Microsoft Visual Studio Code is a general purpose programming IDE that, thanks to plugins, can be used to develop in several languages, and in this case, for several devices.

NodeMCU is a device that, using a ESP8266, can be programmed using USB, and easily connect several IoT devices (like temperature and humidity sensors) and connect to a WiFi network to send data using the standard TCP or UDP protocol.

In this post, we will be configuring VSCode (we will assume it is already installed in the computer) to be able to upload an small C program to the device.

Start the IDE
Start VSCode. A window similar to this one should open:

Install the Platformio Extension

The base installation of VSCode does not include support for IoT devices. We will use the Platformio Extension for VSCode for this.
To install it, select the extensions icon in the left sidebar of the VSCode window and in the editbox for searching Extensions, write "platformio".

Click on the install button for, in this case, the first result.

To ensure the extension will be working properly, restart VSCode

Create a new ESP8266 project

After restarting, a new icon in the left sidebar should appear, this is our new extension. Click on it and then "open" to start IDE.

Click on "New Project". A popup window will ask you for the project data. In this post, we will create a project named "THSensor", board will be NodeMCU 1.0.
Also, you could choose a folder for the project (I'm leaving it as default).

The first time a project is created, an Internet connection is required as PlatformIO needs some setup to be done, wait until it finishes preparing the environment and your project is opened in the main window.

You can now go to the left tree window, expand src and double click on main.cpp.

We got a scaffoldmain where we can code whatever we want.

Code your program

Now we're ready to code our C program. As an example, we will be coding a program that will be blinking one of the NodeMCU leds every 5 seconds and keep it turned on for 500ms.

Change your main.cpp to be like this:

#include <Arduino.h>

#define LED D4

void setup() {
  pinMode(LED, OUTPUT);

void loop() {
  //Turn off the led
  digitalWrite(LED, HIGH);

  //Wait for 5 seconds

  //Turn on the led
  digitalWrite(LED, LOW);

  //Leave it on for 500ms

Enable our Linux user to be able to use the serial ports

Communitation to the NodeMCU uses a system device that is configured when the device is connected. For being able to upload code to the device (or files) we need to ensure our user is in the "dialout" group. You can check issuing the following command from a terminal:


If in the response groups "dialout" group is not listed, add your user to it using the following command:

sudo usermod -a -G dialout $USER

You will need to close your current session and log in again (check with the id command that your user is now in the dialout group).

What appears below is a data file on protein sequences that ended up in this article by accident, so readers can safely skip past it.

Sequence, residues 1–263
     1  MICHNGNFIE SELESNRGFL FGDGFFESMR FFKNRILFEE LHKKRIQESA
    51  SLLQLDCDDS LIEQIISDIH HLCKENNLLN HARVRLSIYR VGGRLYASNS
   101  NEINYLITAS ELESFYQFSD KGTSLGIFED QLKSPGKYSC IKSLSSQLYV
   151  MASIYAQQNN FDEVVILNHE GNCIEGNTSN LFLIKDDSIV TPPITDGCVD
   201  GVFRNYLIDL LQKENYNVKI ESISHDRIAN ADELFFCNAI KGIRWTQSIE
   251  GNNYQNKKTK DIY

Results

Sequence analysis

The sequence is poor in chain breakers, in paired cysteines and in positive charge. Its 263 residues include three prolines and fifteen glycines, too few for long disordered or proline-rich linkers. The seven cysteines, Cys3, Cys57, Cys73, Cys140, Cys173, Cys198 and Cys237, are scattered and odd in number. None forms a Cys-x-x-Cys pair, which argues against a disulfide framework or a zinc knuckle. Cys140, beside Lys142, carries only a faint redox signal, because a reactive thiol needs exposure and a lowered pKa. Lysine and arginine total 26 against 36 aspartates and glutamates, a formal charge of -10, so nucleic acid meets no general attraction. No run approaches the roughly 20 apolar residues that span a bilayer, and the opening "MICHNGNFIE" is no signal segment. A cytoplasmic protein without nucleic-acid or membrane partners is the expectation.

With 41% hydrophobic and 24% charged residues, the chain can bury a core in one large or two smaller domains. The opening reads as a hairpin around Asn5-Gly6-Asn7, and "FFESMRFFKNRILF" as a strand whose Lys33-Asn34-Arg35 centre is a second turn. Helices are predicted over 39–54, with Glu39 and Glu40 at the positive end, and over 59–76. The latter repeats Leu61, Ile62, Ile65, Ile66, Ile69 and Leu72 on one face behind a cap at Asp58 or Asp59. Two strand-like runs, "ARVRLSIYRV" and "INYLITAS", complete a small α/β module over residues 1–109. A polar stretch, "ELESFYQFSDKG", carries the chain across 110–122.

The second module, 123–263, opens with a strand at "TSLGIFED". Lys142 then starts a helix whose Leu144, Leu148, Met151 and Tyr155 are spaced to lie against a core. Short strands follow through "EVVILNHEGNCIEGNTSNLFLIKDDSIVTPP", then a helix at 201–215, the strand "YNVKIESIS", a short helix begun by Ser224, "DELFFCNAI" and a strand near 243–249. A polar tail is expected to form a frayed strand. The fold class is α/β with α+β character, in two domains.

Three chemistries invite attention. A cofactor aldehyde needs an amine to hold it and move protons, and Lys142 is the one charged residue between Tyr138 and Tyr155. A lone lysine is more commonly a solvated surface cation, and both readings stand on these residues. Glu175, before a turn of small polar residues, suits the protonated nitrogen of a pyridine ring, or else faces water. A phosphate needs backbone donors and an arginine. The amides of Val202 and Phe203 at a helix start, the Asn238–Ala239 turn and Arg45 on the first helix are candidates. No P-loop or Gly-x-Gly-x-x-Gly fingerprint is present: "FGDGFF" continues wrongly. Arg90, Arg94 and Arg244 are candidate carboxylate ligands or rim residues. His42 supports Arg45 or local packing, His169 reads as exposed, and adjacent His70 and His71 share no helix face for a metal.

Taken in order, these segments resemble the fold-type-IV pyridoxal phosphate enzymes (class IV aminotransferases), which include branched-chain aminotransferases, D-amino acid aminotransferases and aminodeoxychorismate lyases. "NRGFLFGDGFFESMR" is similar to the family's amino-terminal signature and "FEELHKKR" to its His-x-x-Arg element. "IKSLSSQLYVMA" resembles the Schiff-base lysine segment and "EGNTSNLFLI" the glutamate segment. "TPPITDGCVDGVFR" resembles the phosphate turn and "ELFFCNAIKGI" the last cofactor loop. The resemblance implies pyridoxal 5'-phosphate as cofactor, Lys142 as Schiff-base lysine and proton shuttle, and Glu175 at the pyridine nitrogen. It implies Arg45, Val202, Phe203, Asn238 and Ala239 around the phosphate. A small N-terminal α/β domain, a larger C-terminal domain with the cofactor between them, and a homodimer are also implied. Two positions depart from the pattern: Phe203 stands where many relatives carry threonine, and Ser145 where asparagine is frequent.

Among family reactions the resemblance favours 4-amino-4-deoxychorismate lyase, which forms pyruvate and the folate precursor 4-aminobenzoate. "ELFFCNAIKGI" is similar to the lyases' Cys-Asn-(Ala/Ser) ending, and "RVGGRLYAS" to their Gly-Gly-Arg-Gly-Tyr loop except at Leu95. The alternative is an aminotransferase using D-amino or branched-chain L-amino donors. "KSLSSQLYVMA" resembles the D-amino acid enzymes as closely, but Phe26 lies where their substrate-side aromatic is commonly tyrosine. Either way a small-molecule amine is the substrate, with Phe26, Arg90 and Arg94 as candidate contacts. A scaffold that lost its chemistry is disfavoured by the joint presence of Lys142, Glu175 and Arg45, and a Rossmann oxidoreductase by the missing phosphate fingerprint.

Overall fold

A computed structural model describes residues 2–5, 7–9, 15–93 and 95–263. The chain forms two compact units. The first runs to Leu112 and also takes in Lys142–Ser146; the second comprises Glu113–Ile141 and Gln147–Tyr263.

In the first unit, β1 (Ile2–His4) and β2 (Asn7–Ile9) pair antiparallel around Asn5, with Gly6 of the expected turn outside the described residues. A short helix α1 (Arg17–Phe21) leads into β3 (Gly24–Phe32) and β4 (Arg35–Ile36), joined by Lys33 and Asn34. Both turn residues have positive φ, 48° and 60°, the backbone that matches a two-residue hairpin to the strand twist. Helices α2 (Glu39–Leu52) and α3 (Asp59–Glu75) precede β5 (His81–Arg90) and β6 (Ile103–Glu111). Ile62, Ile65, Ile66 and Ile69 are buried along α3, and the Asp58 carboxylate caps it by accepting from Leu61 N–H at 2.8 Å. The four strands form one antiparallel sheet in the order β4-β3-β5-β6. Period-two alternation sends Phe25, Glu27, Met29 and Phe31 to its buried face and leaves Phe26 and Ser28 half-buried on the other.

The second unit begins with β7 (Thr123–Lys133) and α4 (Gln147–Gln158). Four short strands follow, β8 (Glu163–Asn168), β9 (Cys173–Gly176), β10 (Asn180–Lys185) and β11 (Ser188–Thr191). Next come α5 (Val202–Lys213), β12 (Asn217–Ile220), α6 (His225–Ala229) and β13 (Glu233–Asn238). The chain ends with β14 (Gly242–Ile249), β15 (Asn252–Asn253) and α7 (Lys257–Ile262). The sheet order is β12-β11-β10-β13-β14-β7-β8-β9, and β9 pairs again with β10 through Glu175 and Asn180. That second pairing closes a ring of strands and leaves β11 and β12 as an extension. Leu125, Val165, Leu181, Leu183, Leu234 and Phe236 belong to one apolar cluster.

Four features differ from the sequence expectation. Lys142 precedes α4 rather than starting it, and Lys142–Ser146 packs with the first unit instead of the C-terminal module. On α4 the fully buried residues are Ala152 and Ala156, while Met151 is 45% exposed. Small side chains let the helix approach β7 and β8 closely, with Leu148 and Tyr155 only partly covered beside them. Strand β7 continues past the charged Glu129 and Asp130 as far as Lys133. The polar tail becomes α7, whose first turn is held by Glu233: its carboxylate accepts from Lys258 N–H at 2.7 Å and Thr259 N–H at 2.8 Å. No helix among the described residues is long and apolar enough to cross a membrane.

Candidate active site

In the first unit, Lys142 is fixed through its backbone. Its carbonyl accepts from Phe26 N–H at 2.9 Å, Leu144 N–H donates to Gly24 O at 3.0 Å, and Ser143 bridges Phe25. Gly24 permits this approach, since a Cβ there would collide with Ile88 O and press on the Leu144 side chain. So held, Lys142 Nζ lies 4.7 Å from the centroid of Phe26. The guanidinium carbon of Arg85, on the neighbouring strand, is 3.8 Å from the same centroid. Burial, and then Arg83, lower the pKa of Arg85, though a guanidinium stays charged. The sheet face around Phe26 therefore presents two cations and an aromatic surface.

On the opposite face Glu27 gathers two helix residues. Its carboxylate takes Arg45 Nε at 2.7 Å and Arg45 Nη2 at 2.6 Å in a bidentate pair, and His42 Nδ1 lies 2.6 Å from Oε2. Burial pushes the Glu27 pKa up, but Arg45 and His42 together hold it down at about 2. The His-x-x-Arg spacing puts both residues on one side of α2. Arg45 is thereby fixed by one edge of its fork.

In my case (using Ubuntu 20.04.1 LTS) I had to restart the user.slice service so that GDM is restarted and my user groups gets refreshed

sudo systemctl restart user.slice

Configure monitor speed

NodeMCU defaults to 74880 bps. To be able to use the serial monitor and see log messages, we need to change the default 9600 that PlatformIO has to this value.

Click on the PlatformIO icon in the left sidebar, then, in "Quick Access", click "Projects & Configuration". Our project will be listed, click on "Configure":

Then, click on the 3 dots and select "Common configuration"

In the "New Option" editbox, type "monitor_speed" and set to 74880

Click Save (accept the warning regarding the configuration that will be overwritten).

Connect the NodeMCU

Connect a USB cable to the NodeMCU micro USB port and to your computer port. The NodeMCU will blink briefly and in your computer a new USB should be reported:

dmesg | tail
[ 4782.927702] usb 3-4: new full-speed USB device number 9 using xhci_hcd
[ 4783.076786] usb 3-4: New USB device found, idVendor=1a86, idProduct=7523, bcdDevice= 2.54
[ 4783.076790] usb 3-4: New USB device strings: Mfr=0, Product=2, SerialNumber=0
[ 4783.076793] usb 3-4: Product: USB2.0-Serial
[ 4783.078991] ch341 3-4:1.0: ch341-uart converter detected
[ 4783.079448] usb 3-4: ch341-uart converter now attached to ttyUSB0

The NodeMCU is ready on /dev/ttyUSB0

Click on the Serial Monitor icon in VSCode bottom icon bar (looks like an electrical plug). A task will be started in VSCode that will show a window like this one:

Now, hit the "RST" button in the NodeMCU, the serial monitor will receive the startup log information from the NodeMCU similar to this one:

Compile and upload our program

We're ready to compile and upload our test program. Click on the "->" icon to compile and upload our test program.

The led should blink as we programmed and the serial monitor will show "ON" and "OFF" strings with the defined cadence.

We've got the basics here. Now we can program more usefull tasks in other little NodeMCU.